Military and red shirts

14 04 2009

Reports from various sources, including emails to PPT, report on the continuing military-led operation in Bangkok.

Al Jazeera is quoted at Prachatai (14 April 2009: “Thai protesters back down”) saying that the UDD/red shirts are surrounded by armed soldiers near Government House, prompting UDD leaders to call for their supporters to disperse. “Saying they were concerned about the safety of demonstrators following violence on Monday that left two people dead and more than a hundred injured in street battles, protest leaders used loudspeakers to call for protesters to withdraw…”. The protestors themselves are reported to have been fearful but some were reluctant to leave the protest.

The Nation (14 April 2009: “Red protesters told to disperse; “arson” plots unveiled”) reported TV Channel 11 as saying that UDD leader Veera Musigapong asked protesters to disperse. Veera reportedly “told the crowd that the voluntarily dispersing was not a defeat of the red-shirted movement but was aimed at protecting the life of the protesters.” Another leader, Weng Tojitrakan, “asked soldiers to move back by 20 metres so that the protesters could pick up their belongings and disperse.” The Bangkok Post (14 April 2009: “Demonstrators will disperse: leader”) states that the decision by the protest leaders “came a day after skirmishes in Bangkok, which left two dead and 113 injured.” Veera told the crowd: “All of my brothers and sisters, please give up and board these buses provided by police…”.

Meanwhile, The Nation home page has pictures of UDD leaders being taken away after apparently surrendering.

Behind these reports, there appear to be other efforts to crack down. The UDD’s D Station was seized and closed from noon on 13 April and remained closed, with some reports that soldiers occupied it. It is reported that some community radio stations have also been seized by troops.

Some reports sympathetic to the red shirts claim that government control of the electronic media has slanted the news. Whereas the media are reporting no red shirt deaths or one dead, some believe that as many as 10 red shirts may have died in the protests.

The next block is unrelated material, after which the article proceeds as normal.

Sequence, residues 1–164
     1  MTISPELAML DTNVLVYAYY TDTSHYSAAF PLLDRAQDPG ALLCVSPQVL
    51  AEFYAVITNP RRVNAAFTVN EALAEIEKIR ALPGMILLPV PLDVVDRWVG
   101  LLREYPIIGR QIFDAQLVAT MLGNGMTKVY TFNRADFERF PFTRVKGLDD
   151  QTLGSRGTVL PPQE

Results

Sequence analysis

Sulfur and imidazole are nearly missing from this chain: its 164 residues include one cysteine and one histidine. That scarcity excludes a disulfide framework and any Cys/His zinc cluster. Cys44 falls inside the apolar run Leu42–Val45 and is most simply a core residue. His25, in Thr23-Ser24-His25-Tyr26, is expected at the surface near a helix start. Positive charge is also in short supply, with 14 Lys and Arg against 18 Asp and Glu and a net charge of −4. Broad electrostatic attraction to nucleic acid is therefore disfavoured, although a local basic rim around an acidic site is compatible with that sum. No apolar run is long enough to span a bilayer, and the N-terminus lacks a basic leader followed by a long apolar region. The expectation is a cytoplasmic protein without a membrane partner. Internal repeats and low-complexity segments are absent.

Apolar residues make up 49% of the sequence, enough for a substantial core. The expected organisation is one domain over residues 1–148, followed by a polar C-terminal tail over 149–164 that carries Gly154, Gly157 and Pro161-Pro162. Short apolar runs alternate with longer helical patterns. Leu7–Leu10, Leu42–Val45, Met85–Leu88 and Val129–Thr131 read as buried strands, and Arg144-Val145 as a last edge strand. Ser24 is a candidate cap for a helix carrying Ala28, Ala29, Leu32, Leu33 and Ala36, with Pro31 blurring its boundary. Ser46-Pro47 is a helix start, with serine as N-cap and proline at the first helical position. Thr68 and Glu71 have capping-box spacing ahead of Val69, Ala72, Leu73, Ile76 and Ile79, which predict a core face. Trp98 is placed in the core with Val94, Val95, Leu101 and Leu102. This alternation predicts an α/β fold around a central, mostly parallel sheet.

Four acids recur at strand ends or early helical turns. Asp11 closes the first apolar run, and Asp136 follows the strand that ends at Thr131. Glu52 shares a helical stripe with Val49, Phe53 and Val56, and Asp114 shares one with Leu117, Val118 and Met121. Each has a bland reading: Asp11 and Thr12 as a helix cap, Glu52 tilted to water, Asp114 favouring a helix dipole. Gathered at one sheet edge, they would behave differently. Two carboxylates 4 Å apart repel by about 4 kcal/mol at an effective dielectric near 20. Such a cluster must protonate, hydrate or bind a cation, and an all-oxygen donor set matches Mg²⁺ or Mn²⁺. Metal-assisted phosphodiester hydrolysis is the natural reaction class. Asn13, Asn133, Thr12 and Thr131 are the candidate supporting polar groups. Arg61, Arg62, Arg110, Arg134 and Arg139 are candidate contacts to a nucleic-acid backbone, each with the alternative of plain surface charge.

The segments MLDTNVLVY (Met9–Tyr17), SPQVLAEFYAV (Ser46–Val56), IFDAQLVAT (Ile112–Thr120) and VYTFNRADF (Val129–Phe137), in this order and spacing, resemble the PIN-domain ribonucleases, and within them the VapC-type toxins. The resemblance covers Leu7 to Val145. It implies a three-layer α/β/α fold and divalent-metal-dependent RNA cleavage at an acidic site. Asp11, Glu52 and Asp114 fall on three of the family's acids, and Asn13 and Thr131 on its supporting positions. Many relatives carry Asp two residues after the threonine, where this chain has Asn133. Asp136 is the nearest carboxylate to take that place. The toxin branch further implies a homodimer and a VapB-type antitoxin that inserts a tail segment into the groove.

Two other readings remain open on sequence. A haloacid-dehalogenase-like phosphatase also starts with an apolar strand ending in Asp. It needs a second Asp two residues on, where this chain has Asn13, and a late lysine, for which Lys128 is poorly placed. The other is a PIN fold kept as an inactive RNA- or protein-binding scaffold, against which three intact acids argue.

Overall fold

On the local fighting reported in the mainstream media, some sympathetic to the red shirts, while critical of some who went too far, claim that there was a whipping up of hatred against the red shirts and provocateurs at work, blaming the PAD.

Many internet sites deemed pro-UDD seem to have been blocked. Thai E-news was blocked from Monday night. PPT has noticed that several regular sites that regularly link or pingback to our site – some of which are not pro-UDD, have been blocked and that our own traffic has suddenly halved.

There have been some reports of explosions in Bangkok.

The result of this action is now that army is the winner and truly in charge. It is now the military that is providing direct TV updates on the situation and the government and Abhisit are playing catch-up. The military are likely to be seen by many in the middle class as having saved the day. In the Nation report mentioned above, the government continued to allege plots. Deputy Prime Minister Suthep Thaugsuban, appearing on a pooled TV programme  announced “that police arrested three suspects Monday night who allegedly were involved in arson plots against key places including Bangkok Bank headquarters and a CP building.” Presumably such reports are deeply worrying to middle class Bangkokians. “Senior officers accompanying Suthep at the press announcement said the three were arrested with pistols, bullets and a lot of petrol. The ‘evidence’ was shown at the TV pool press announcement.”


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